It is six o'clock of a November evening, in KEITH DARRANT'S
study. A large, dark-curtained room where the light from a single
reading-lamp falling on Turkey carpet, on books beside a large
armchair, on the deep blue-and-gold coffee service, makes a sort of
oasis before a log fire. In red Turkish slippers and an old brown
velvet coat, KEITH DARRANT sits asleep. He has a dark, clean-cut,
clean-shaven face, dark grizzling hair, dark twisting eyebrows.
[The curtained door away out in the dim part of the room behind
him is opened so softly that he does not wake. LARRY DARRANT
enters and stands half lost in the curtain over the door. A
thin figure, with a worn, high cheek-boned face, deep-sunk blue
eyes and wavy hair all ruffled--a face which still has a certain
beauty. He moves inwards along the wall, stands still again and
utters a gasping sigh. KEITH stirs in his chair.]
KEITH [Rising, with his back to the fire, and staring at his
brother] What is it, man ? [Then with a brutality born of nerves
suddenly ruffled] Have you committed a murder that you stand there
like a fish?
KEITH [With vigorous disgust] By Jove ! Drunk again ! [In a
voice changed by sudden apprehension] What do you mean by coming
here in this state? I told you---- If you weren't my brother----!
Come here, where I can we you! What's the matter with you, Larry?
With a lurch LARRY leaves the shelter of the wall and sinks into
a chair in the circle of light.
A Polish girl. She--her father died over here when she was
sixteen, and left her all alone. There was a mongrel living in the
same house who married her--or pretended to. She's very pretty,
Keith. He left her with a baby coming. She lost it, and nearly
starved. Then another fellow took her on, and she lived with him two
years, till that brute turned up again and made her go back to him.
He used to beat her black and blue. He'd left her again when--I met
her. She was taking anybody then. [He stops, passes his hand over
his lips, looks up at KEITH, and goes on defiantly] I never met a
sweeter woman, or a truer, that I swear. Woman! She's only twenty
now! When I went to her last night, that devil had found her out
again. He came for me--a bullying, great, hulking brute. Look!
[He touches a dark mark on his forehead] I took his ugly throat, and
when I let go--[He stops and his hands drop.]
Good God! Why, I saw it in the paper this morning. They
were talking of it in the Courts! [He snatches the evening paper
from his armchair, and runs it over anal reads] Here it is again.
"Body of a man was found this morning under an archway in Glove Lane.
>From marks about the throat grave suspicion of foul play are
entertained. The body had apparently been robbed. "My God!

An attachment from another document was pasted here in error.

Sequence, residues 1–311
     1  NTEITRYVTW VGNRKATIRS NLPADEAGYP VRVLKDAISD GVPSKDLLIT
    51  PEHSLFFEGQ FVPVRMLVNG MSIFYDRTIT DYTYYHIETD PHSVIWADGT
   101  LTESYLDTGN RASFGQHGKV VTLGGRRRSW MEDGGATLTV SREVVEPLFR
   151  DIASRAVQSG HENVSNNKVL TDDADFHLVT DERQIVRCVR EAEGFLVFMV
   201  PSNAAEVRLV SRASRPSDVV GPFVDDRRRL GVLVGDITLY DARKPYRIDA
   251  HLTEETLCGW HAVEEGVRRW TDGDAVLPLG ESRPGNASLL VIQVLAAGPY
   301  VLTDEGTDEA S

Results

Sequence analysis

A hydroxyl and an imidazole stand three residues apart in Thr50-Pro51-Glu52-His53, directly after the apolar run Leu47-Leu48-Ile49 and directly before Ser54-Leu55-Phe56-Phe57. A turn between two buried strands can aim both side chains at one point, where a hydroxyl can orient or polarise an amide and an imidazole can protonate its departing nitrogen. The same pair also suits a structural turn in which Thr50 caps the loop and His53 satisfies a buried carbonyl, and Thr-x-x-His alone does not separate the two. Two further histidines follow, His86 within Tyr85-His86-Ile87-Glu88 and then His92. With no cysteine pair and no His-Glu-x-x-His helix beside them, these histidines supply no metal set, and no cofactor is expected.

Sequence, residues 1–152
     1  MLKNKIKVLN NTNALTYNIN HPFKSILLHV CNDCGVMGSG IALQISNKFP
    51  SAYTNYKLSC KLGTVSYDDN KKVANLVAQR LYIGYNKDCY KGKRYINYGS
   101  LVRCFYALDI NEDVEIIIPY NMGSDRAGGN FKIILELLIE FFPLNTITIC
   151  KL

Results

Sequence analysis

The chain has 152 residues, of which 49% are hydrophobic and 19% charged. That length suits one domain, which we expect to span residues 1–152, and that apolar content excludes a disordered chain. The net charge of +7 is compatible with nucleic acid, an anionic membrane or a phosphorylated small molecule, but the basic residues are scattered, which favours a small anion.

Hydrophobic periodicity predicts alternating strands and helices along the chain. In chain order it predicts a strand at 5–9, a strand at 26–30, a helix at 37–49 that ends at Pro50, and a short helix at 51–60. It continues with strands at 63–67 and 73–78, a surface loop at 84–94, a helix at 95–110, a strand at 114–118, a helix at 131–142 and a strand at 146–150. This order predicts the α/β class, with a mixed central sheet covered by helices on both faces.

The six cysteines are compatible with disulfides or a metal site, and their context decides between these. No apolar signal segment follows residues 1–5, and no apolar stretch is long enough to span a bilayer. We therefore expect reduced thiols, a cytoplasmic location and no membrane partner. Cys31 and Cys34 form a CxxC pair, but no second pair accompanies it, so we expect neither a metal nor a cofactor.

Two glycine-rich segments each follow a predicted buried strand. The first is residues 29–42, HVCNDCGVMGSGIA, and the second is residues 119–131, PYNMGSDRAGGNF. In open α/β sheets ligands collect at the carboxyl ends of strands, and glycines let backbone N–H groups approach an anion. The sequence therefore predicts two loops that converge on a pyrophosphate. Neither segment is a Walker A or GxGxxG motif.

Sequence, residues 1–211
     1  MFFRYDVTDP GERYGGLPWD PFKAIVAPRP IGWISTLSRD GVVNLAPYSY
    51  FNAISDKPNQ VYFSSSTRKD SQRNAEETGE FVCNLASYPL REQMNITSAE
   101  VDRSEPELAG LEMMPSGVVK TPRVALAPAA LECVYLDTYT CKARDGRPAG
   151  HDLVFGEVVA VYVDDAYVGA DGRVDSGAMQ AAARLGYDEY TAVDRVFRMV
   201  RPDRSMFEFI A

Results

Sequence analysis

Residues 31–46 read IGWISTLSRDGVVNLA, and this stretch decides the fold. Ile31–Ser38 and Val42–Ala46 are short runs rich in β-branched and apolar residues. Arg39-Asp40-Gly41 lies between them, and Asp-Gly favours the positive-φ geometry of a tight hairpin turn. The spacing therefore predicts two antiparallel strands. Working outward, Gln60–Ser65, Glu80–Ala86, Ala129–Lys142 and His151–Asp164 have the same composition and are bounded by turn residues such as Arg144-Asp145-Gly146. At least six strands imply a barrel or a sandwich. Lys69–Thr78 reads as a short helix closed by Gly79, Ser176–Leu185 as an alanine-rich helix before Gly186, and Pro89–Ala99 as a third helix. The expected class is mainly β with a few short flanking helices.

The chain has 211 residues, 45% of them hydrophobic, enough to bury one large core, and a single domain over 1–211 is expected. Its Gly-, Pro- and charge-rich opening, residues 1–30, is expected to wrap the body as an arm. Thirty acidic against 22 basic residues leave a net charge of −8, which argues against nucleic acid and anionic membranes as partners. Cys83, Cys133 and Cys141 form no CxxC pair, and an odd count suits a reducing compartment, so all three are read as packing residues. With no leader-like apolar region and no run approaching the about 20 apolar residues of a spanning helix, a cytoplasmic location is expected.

[Suddenly he turns] You saw this in the paper and dreamed it. D'you
understand, Larry?--you dreamed it.
LARRY [Drawing au envelope from his pocket] This dropped out while
we were struggling.
KEITH [Snatching it and reading] "Patrick Walenn"--Was that his
name? "Simon's Hotel, Farrier Street, London." [Stooping, he puts it
in the fire] No!--that makes me---- [He bends to pluck it out, stays
his hand, and stamps it suddenly further in with his foot] What in
God's name made you come here and tell me? Don't you know I'm--I'm
within an ace of a Judgeship?
LARRY [Simply] Yes. You must know what I ought to do. I didn't,
mean to kill him, Keith. I love the girl--I love her. What shall I
LARRY [In a flash] Love!--That swinish brute! A million creatures
die every day, and not one of them deserves death as he did. But but
I feel it here. [Touching his heart] Such an awful clutch, Keith.
Help me if you can, old man. I may be no good, but I've never hurt a
fly if I could help it. [He buries his face in his hands.]
Steady, Larry! Let's think it out. You weren't seen, you
LARRY [Fiercely] So am I. I tell you she's devoted. Did you ever
pick up a lost dog? Well, she has the lost dog's love for me. And I
for her; we picked each other up. I've never felt for another woman
what I feel for her--she's been the saving of me!
KEITH [With a shrug] What made you choose that archway?
KEITH [Grimly] Half-quarter day--yes, your quarter's always spent
by then. If you're to get away--never mind, I can manage the money.
LARRY [Humbly] You're very good, Keith; you've always been very
good to me--I don't know why.
KEITH [Sardonically] Privilege of A brother. As it happens, I'm
thinking of myself and our family. You can't indulge yourself in
killing without bringing ruin. My God! I suppose you realise that
you've made me an accessory after the fact--me, King's counsel--sworn
to the service of the Law, who, in a year or two, will have the
trying of cases like yours! By heaven, Larry, you've surpassed
LARRY [Bringing out a little box] I'd better have done with it.
LARRY [With a strange smite] No. [He holds up a tabloid between
finger and thumb] White magic, Keith! Just one--and they may do
what they like to you, and you won't know it. Snap your fingers at
all the tortures. It's a great comfort! Have one to keep by you?
LARRY [Replacing the box] Not quite! You've never killed a man,
you see. [He gives that crazy laugh.] D'you remember that hammer
when we were boys and you riled me, up in the long room? I had luck
then. I had luck in Naples once. I nearly killed a driver for
beating his poor brute of a horse. But now--! My God! [He covers
KEITH touched, goes up and lays a hand on his shoulder.